“Not at all, ma'am.” Mr Benson scratched his chin and frowned, obviously under the onslaught of an original idea. “I wonder if I may make a suggestion?”
“Yeah, but make it quick.” Fiona was literally dancing from one foot to the other by this time. “We got us a hood t'catch, before Fletcher gets his hooks into him. Time's a'wastin'.”
“It's only that I can send a couple of men, and have this ‘ Harry ' put in irons and thrown in the brig in two shakes of a lamb's tail.” Benson grinned happily. “They're right next door, in the Quartermaster's office. I can send him too. Ex-military, y'know. If Harry cuts up rough, the Quartermaster'll bang him on the head with a marlin-spi—er, I mean his baton. We'll have the blighter in the brig in less than ten minutes. How's that?”
Between the two women it was Alice who gave their considered reply.
“Go to it, Mr Benson. An' if the Quartermaster does have t'hit him; tell him to hit the damned slippery son-of-a-bitch hard.”
“Who is he, again?”
Inspector Fletcher stood in Lady Vivian's stateroom, staring at the short, thin man whose arms were being tightly held by two big strong uniformed police-officers.
Lady Vivian sat on the couch in regal majesty, like Queen Elizabeth preparing to give sentence on a particularly disloyal courtier. Mr Reymers sat beside her, looking quietly pleased with the world around him. Seated on other chairs were Miss Palmer, Miss Saunders, and Mr Carlson. Alice and Fiona stood by Mr Benson on the thick Persian carpet. Everyone but Inspector Fletcher and the prisoner were exuding various degrees of happiness.
“His name's Harold Kinsyker.” Alice offered this information with a broad grin. She dearly loved to close a case efficiently. “Mr Benson, here, put us on his trail by presenting certain information—the files and photo's of those staff allowed to enter Lady Vivian's stateroom here.”
“Kinsyker?” Fletcher frowned heavily, obviously wishing to swear freely, but constrained by present circumstances. “Never heard of him. Who is he?”
“He's a cat-burglar, from NY.” Fiona took up the story, smiling happily. “We know him from when we used to work in New York ourselves. He crossed our paths in Delacote about a month ago. Only saw him in passing; didn't make personal contact. Then he was gone again.”
“Yeah, he must'a took ship on this, er, ship.” Alice jumped in, full of glee. “Obviously having thought of a cunning plan to get to know the rich passengers, in his guise as a steward, an' then take the first opportunity to fleece them. Probably thought there were too many people on board for him to be caught. Then he'd smuggle his ill-gotten gains ashore sometime later. That was your plan, wasn't it, Harry?”
Harry remained silent.
“OK, that's enough for me.” Fletcher nodded at the officers in charge of the miscreant. “Take him t'the Precinct. I'll be there in an hour. We found the missing necklace in his cabin. He hadn't had any opportunity to hide it yet. The onboard investigation by the officers an' crew must'a been hotter than he expected; too hot for him t'chance it.”
“Well, I must say I did not contemplate such a quick, and successful, end to the affair.” Lady Vivian rose and advanced on the two women. “I am most grateful to you both, Miss Drever, Miss Cartwright. Most meticulous. Thank you. Well, Inspector Fletcher, I will take my necklace now. I shall not be happy till it is back in my possession. You did good work, but you were forestalled by these most efficient ladies. The necklace if you please, thank you.”
This last was given in a tone of superior command, as of a Lady to her servant. Alice and Fiona immediately recognised the effect this attitude would have on the Inspector, and quietly started to make for the door.
“Can't do that, ma'am.” Fletcher tightened the muscles in his jaw to breaking point, obviously containing himself with difficulty. “Material evidence. Has to stay in the custody of the Police Department till the trial. I'll give you a receipt, of course.”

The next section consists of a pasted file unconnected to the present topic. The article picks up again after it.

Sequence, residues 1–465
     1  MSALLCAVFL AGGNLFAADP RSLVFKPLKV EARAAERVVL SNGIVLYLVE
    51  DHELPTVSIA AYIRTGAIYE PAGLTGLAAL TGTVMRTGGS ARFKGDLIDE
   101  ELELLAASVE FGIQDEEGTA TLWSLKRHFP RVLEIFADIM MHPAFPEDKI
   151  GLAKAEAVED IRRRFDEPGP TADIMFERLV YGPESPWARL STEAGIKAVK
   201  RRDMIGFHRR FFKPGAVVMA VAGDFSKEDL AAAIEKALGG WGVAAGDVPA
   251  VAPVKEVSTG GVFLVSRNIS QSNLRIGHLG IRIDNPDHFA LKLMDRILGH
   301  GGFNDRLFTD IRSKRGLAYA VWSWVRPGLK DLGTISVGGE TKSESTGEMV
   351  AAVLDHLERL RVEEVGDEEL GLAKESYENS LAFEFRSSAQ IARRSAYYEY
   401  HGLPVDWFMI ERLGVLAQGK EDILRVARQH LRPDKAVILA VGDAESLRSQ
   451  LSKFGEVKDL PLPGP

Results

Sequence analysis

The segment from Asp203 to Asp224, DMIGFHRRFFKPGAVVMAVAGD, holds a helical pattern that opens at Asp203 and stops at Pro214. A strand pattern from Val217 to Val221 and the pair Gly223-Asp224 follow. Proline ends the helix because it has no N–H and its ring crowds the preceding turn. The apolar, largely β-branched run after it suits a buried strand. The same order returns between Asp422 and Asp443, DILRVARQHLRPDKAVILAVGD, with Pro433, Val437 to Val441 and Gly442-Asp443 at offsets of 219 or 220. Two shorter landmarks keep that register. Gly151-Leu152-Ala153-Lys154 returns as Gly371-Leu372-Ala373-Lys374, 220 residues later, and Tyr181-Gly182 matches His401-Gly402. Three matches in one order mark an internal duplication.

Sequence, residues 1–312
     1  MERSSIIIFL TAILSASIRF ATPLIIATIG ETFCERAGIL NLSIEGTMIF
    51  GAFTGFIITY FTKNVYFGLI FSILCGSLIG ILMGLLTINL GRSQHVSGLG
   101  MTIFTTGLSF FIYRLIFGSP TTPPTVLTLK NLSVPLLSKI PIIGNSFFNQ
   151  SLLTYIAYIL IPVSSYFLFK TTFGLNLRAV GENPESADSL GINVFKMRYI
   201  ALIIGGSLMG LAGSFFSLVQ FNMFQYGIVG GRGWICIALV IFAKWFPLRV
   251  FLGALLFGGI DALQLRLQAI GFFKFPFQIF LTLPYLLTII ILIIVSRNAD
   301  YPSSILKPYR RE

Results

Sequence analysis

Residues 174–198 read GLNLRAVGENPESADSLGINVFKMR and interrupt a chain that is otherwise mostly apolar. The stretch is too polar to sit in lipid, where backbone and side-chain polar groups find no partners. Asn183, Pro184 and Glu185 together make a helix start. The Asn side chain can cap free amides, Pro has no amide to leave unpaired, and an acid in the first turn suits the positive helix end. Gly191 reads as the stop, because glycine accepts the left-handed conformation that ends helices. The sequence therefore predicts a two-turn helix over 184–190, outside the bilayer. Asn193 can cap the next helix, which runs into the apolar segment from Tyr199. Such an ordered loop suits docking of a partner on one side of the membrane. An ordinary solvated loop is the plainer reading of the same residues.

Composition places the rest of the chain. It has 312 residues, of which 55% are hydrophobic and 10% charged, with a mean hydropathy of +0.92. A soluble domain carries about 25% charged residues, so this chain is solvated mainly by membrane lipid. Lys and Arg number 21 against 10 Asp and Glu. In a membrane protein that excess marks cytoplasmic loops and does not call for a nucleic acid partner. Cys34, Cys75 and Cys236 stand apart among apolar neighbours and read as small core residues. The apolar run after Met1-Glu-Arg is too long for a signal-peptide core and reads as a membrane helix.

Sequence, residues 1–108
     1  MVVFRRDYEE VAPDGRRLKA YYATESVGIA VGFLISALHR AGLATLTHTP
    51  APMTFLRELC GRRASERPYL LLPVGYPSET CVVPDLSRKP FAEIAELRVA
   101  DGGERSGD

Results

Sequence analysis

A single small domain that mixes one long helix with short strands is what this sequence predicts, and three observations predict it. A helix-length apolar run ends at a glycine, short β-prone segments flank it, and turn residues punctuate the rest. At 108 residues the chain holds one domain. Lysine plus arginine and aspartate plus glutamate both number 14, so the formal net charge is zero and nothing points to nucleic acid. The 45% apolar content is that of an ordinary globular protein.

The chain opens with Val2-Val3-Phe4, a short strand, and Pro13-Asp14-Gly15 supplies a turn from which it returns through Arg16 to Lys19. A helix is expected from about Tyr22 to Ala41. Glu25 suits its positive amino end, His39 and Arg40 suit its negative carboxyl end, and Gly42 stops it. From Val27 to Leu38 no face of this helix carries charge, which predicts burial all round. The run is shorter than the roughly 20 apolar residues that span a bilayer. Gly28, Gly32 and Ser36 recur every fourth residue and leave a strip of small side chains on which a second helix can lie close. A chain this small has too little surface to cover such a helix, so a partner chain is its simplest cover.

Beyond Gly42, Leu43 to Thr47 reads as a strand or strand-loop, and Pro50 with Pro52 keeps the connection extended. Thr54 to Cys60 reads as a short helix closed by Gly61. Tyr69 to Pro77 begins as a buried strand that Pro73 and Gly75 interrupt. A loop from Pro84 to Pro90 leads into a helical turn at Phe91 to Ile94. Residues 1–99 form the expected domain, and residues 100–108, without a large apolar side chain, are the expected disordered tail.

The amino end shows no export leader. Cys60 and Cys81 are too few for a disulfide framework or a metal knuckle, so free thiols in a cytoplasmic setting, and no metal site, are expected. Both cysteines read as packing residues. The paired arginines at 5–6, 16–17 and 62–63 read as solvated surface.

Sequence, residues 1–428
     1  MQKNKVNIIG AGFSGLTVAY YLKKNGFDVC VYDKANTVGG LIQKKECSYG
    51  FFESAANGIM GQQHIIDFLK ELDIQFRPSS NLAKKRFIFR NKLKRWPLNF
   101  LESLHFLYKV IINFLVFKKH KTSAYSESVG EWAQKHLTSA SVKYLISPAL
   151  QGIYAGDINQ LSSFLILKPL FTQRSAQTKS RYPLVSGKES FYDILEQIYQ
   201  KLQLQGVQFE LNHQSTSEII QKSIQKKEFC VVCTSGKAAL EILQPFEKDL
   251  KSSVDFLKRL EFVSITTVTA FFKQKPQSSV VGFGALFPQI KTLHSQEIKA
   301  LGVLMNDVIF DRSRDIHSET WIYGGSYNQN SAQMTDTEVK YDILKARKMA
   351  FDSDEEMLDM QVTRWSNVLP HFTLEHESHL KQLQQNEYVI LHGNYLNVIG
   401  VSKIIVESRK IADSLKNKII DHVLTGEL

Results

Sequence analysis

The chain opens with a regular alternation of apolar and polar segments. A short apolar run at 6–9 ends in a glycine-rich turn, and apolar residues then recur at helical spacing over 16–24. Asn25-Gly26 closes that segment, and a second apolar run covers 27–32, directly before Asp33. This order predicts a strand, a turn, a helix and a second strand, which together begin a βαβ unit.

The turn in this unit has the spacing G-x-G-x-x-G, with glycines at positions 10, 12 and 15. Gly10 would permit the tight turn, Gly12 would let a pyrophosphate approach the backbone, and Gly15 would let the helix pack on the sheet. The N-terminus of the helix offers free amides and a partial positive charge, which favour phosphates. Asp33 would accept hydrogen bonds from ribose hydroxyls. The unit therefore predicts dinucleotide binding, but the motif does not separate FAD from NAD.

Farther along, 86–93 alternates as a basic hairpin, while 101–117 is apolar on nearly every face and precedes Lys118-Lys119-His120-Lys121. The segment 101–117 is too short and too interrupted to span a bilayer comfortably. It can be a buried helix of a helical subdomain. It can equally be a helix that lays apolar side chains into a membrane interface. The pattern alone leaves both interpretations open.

“Mr Fletcher,” Lady Vivian straightened herself to her full height and looked down her nose, as at something nasty on the sidewalk, “you do not appear to quite understand who I am. My husband is the Earl of Tadmarsh. He sits in the House of Lords. The Prime Minister is a personal friend. I believe I shall take my necklace now.”
Fletcher grimly held his ground.
“And I believe I shall take the dam—the necklace, to the Precinct and place it under lock and key.” He slipped the long thin blue-satin case into his inside coat pocket, and glared at the descendant of Earls past and spou se of Earls present. He was a Republican. “The next time you see it, ma'am, will be at the trial—on the evidence exhibit table.”
“Mr Fletcher, if I have to contact—”
The rest was lost, as both Alice and Fiona stealthily made their escape through the door onto the wide deck. Thirty seconds later they were at the head of the gangway, with the pleasant prospect of Pier 7 lying sixty feet below them.
“You first, Fay.” Alice grinned. “Got the cheque Reymers wrote out for us?”
“In my handbag.” Fiona grabbed the ropes on either hand and started down. “An' anyone who tries to take it off me'll get a load o' buckshot in their rump.”
“Fay, anyone with ordinary vision can see these sheets are lilac.” Alice stretched out in the wide bed, pulling one of the items in question higher over her naked form. “As lilac as lilac could be. No argument.”
“ I'm arguing, lady.” Fiona had long ago determined not to lose this dispute. She was also nude, though a little more laid-back than her partner. She drew lower the section of the offending object which covered her own form, and grabbed its folds in one hand. “Look at it. Anyone with any sense can see this is lavender. Lilac, my eye and Betty Martin. Look.”
Alice was looking, but not at the sheet. Fiona was uncovered from neck to waist—and the sight revealed to view was well worth looking at. So she did.
There was a long pause.
“Al, what're ya doin'?”
“Lookin', dear.” The brunette nymph was unrepentant, as she snuggled closer to her love. “Just lookin'.”
“Ya sure know how t'change the subject.” Fiona touched her paramour's silken hair softly with her fingers. “Say, lady, where's that hand goin'?”
“To Heaven, lover-girl, to Heaven.”
To be continued in the next instalment of the ‘ Drever & Cartwright ' series.